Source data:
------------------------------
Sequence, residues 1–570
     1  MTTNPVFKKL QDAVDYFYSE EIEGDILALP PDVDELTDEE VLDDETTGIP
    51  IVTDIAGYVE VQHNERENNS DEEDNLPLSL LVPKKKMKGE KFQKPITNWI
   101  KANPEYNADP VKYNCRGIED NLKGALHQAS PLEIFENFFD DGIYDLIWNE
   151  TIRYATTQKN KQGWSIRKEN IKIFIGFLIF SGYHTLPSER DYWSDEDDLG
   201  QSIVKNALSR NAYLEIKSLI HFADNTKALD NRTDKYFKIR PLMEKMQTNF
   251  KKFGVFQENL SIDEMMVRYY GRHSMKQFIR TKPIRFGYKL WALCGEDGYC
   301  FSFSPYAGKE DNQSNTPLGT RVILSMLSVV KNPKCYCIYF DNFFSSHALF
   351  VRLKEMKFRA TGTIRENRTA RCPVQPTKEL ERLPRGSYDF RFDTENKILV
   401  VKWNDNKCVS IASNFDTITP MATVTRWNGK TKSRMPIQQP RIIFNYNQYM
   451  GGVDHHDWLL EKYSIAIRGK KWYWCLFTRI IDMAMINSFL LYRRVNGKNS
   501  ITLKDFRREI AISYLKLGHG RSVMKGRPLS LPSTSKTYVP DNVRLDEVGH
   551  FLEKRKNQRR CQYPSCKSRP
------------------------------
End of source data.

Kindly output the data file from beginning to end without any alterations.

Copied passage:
Sequence, residues 1–570
     1  MTTNPVFKKL QDAVDYFYSE EIEGDILALP PDVDELTDEE VLDDETTGIP
    51  IVTDIAGYVE VQHNERENNS DEEDNLPLSL LVPKKKMKGE KFQKPITNWI
   101  KANPEYNADP VKYNCRGIED NLKGALHQAS PLEIFENFFD DGIYDLIWNE
   151  TIRYATTQKN KQGWSIRKEN IKIFIGFLIF SGYHTLPSER DYWSDEDDLG
   201  QSIVKNALSR NAYLEIKSLI HFADNTKALD NRTDKYFKIR PLMEKMQTNF
   251  KKFGVFQENL SIDEMMVRYY GRHSMKQFIR TKPIRFGYKL WALCGEDGYC
   301  FSFSPYAGKE DNQSNTPLGT RVILSMLSVV KNPKCYCIYF DNFFSSHALF
   351  VRLKEMKFRA TGTIRENRTA RCPVQPTKEL ERLPRGSYDF RFDTENKILV
   401  VKWNDNKCVS IASNFDTITP MATVTRWNGK TKSRMPIQQP RIIFNYNQYM
   451  GGVDHHDWLL EKYSIAIRGK KWYWCLFTRI IDMAMINSFL LYRRVNGKNS
   501  ITLKDFRREI AISYLKLGHG RSVMKGRPLS LPSTSKTYVP DNVRLDEVGH
   551  FLEKRKNQRR CQYPSCKSRP